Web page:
Argued January 20, 2010.
Decided May 27, 2010.
Appeal from the United States District Court for the Northern District of Illinois, Rebecca R. Pallmeyer, District Judge.
Phillip A. Bock, Attorney, Bock Hatch, David M. Oppenheim, Attorney, Wildman, Harrold, Allen Dixon, Chicago, IL, Ryan M. Kelly, Anderson Wanca, Rolling Meadows, IL, for Plaintiff-Appellant.
David F. Cutter, Attorney, Troutman Sanders, Chicago, IL, Theresa M. Trzaskoma, Attorney, Brune Richard LLP, New York, NY, for Defendant-Appellee.
Before FLAUM, KANNE, and EVANS, Circuit Judges.
This is a junk fax case, and like most such cases, the facts are not especially juicy. In 2004 Prism Business Media, Inc., sent CE Design, Limited, a fax advertising a trade show. That's it. But that small act sparked a lawsuit that presents some interesting jurisdictional and regulatory questions. CE Design sued Prism under the Telephone Consumer Protection Act (TCPA), which prohibits the use of fax machines to send unsolicited advertisements. See 47 U.S.C. § 227(b)(1)(C). Prism sought summary judgment on the ground that it shared with CE Design an "established business relationship" (EBR) — a status which, Prism argued, provided a complete defense under the Federal Communications Commission's (FCC) orders implementing the TCPA. In response, CE Design asked the district court to ignore the FCC orders because, according to it, Congress did not authorize the FCC to establish an EBR defense. Because CE Design's request sounded a lot like one "to enjoin, set aside, suspend (in whole or in part), or to determine the validity" of a final FCC order — tasks which the Administrative Orders Review Act places within the exclusive jurisdiction of the courts of appeals, see 28 U.S.C. § 2342(1); 47 U.S.C. § 402(a) — the district court concluded that it lacked jurisdiction to consider the validity of the EBR defense. After determining that the relationship between Prism and CE Design met the FCC's definition of an EBR, the court granted Prism's motion for summary judgment. CE Design appeals.
Before this suit was filed, Prism Business Media, Inc., changed its name to Penton Business Media, Inc., but the parties and the district court have referred to the defendant as Prism throughout this litigation. For consistency's sake, we will do the same.
The few facts in this case are undisputed. Prism describes itself as a "business-to-business media company" that publishes trade magazines and sponsors industry-specific trade shows. CE Design, a civil engineering and design firm, is among the more than five million subscribers to Prism's publications. Between 1998 and 2008 CE Design subscribed to three of Prism's publications. For each subscription, CE Design's president and sole shareholder, John Pezl, filled out Prism's subscription card. On at least two of the subscription cards, Pezl provided CE Design's fax number among the required contact information.
On August 23, 2004, Prism sent CE Design the fax that set this lawsuit in motion. Prism sent the fax to Pezl's attention at the fax number he provided in his subscription requests. The fax advertised an upcoming trade show. It included a notice inviting Pezl to write "remove" on the face of the advertisement and fax it back to a toll-free number if he believed he received the fax in error or if he wished to unsubscribe. Instead of accepting that invitation, CE Design filed this putative class-action lawsuit.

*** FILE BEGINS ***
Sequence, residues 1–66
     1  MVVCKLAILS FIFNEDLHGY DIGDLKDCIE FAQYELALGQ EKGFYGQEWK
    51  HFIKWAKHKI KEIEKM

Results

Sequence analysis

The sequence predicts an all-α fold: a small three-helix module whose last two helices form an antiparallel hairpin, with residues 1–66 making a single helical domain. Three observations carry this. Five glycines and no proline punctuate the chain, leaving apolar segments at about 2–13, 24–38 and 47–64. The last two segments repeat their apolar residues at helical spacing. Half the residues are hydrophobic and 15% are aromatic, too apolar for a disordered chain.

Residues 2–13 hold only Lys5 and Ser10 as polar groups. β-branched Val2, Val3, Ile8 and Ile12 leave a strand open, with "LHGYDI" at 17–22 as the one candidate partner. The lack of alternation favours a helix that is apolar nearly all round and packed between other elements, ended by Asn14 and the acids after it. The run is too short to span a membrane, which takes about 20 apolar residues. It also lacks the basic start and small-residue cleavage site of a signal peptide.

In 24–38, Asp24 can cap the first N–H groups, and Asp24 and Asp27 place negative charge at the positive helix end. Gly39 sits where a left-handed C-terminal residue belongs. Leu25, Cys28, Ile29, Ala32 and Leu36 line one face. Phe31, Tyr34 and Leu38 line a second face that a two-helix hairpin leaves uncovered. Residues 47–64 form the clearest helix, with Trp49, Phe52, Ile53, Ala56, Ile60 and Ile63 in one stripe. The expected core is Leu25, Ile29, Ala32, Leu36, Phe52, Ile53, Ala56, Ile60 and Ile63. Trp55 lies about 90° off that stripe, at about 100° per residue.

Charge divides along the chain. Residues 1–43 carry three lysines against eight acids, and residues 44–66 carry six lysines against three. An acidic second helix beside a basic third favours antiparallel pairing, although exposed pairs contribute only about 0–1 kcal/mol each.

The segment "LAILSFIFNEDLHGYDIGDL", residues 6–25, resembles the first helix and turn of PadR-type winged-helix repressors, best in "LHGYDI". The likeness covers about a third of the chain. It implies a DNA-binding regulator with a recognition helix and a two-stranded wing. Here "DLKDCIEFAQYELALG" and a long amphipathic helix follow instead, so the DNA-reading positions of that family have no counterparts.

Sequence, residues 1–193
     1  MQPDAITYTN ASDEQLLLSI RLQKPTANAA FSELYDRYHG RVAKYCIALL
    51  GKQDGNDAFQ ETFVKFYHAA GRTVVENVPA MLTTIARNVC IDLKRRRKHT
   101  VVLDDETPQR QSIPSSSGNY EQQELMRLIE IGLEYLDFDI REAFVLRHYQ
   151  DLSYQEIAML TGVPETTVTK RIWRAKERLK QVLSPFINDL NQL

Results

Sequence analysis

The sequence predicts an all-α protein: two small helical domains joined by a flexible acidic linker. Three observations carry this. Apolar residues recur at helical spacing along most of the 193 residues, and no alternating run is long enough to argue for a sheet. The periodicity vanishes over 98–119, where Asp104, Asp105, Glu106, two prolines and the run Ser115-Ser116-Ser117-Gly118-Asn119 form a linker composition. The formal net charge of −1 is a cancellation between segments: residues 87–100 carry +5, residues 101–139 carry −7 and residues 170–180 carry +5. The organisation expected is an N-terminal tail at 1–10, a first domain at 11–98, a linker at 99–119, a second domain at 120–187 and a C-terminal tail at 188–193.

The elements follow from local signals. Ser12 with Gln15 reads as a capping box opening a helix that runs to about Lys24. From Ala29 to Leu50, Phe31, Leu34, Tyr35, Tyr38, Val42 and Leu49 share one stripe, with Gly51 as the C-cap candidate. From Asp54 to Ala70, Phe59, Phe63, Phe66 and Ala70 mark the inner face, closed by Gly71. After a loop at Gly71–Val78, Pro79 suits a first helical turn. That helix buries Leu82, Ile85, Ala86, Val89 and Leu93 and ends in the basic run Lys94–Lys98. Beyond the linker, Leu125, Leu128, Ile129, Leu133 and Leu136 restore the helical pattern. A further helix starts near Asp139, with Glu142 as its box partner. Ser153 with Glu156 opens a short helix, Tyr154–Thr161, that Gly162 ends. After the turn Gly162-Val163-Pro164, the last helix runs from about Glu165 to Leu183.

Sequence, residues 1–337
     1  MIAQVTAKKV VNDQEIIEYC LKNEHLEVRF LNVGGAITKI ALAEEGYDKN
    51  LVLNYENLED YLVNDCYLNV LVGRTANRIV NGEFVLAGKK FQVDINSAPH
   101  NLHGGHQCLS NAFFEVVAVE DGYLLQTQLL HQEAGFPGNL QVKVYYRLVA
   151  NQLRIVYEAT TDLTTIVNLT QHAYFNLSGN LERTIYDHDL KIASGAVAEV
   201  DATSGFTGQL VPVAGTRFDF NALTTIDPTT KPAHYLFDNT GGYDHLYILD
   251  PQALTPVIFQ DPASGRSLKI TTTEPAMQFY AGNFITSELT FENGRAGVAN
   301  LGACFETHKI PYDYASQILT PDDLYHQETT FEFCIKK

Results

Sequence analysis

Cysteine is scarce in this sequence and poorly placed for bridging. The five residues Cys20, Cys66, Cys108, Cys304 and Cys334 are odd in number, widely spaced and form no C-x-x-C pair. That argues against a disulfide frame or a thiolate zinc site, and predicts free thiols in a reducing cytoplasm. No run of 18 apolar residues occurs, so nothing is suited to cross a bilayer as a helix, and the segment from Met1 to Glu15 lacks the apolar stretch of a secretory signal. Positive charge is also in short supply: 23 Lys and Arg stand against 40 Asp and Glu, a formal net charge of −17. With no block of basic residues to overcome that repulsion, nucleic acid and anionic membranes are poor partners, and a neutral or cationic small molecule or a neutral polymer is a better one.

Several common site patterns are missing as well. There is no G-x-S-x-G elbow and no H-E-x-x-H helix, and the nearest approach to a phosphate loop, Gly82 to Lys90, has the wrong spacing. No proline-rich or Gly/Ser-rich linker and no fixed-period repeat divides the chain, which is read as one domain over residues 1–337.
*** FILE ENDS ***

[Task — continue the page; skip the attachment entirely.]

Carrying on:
We think it's worth noting that CE Design is no stranger to junk fax litigation; it has filed more than 100 similar suits under the TCPA.
In its complaint, CE Design alleged that Prism violated the TCPA provision prohibiting the use of "any telephone facsimile machine . . . to send an unsolicited advertisement to a telephone facsimile machine." 47 U.S.C. § 227(b)(1)(C). In 2005 — after Prism sent the fax but before CE Design filed this suit — Congress passed the Junk Fax Protection Act (JFPA), which amended the TCPA to exempt from the ban on unsolicited fax advertisements any faxes sent "from a sender with an established business relationship with the recipient." 47 U.S.C. § 227(b)(1)(C)(i). But the pre-JFPA version of the TCPA applies in this case, and the EBR exemption does not appear in that version of the statute. Instead, before 2005 the EBR exemption appeared only in FCC reports and orders implementing the TCPA. See, e.g., In re Rules Regulations Implementing the Tel. Consumer Prot. Act of 1991 (1992 Report and Order), 7 F.C.C.R. 8752, 8779 n. 87, 1992 WL 690928 (Oct. 16, 1992). Specifically, the FCC's 1992 Report and Order states that "facsimile transmission from persons or entities who have an established business relationship with the recipient can be deemed to be invited or permitted by the recipient." Id.
In its summary judgment motion, Prism argued that the FCC's 1992 Report and Order provides a complete defense to CE Design's TCPA claim. Prism argued that CE Design's status as a subscriber to Prism's publications meant that they had an EBR at the time Prism faxed the advertisement, and accordingly, the fax it sent CE Design should be deemed invited. In response, CE Design argued that the district court should ignore the 1992 Report and Order, as well as subsequent FCC orders demonstrating that before Congress passed the JFPA, the FCC considered the EBR exemption to apply to faxed advertisements. See, e.g., In re Rules Regulations Implementing the Tel. Consumer Prot. Act of 1991, 10 F.C.C.R. 12391, 12408 (Aug. 7, 1995); In re Rules Regulations Implementing the Tel. Consumer Prot. Act of 1991 (2003 Report Order), 18 F.C.C.R. 14014, 14127, 2003 WL 21517853 (July 3, 2003). CE Design argued that the FCC was not authorized to interpret the TCPA to include an EBR exemption, and that even if it were, the FCC's interpretation is unreasonable.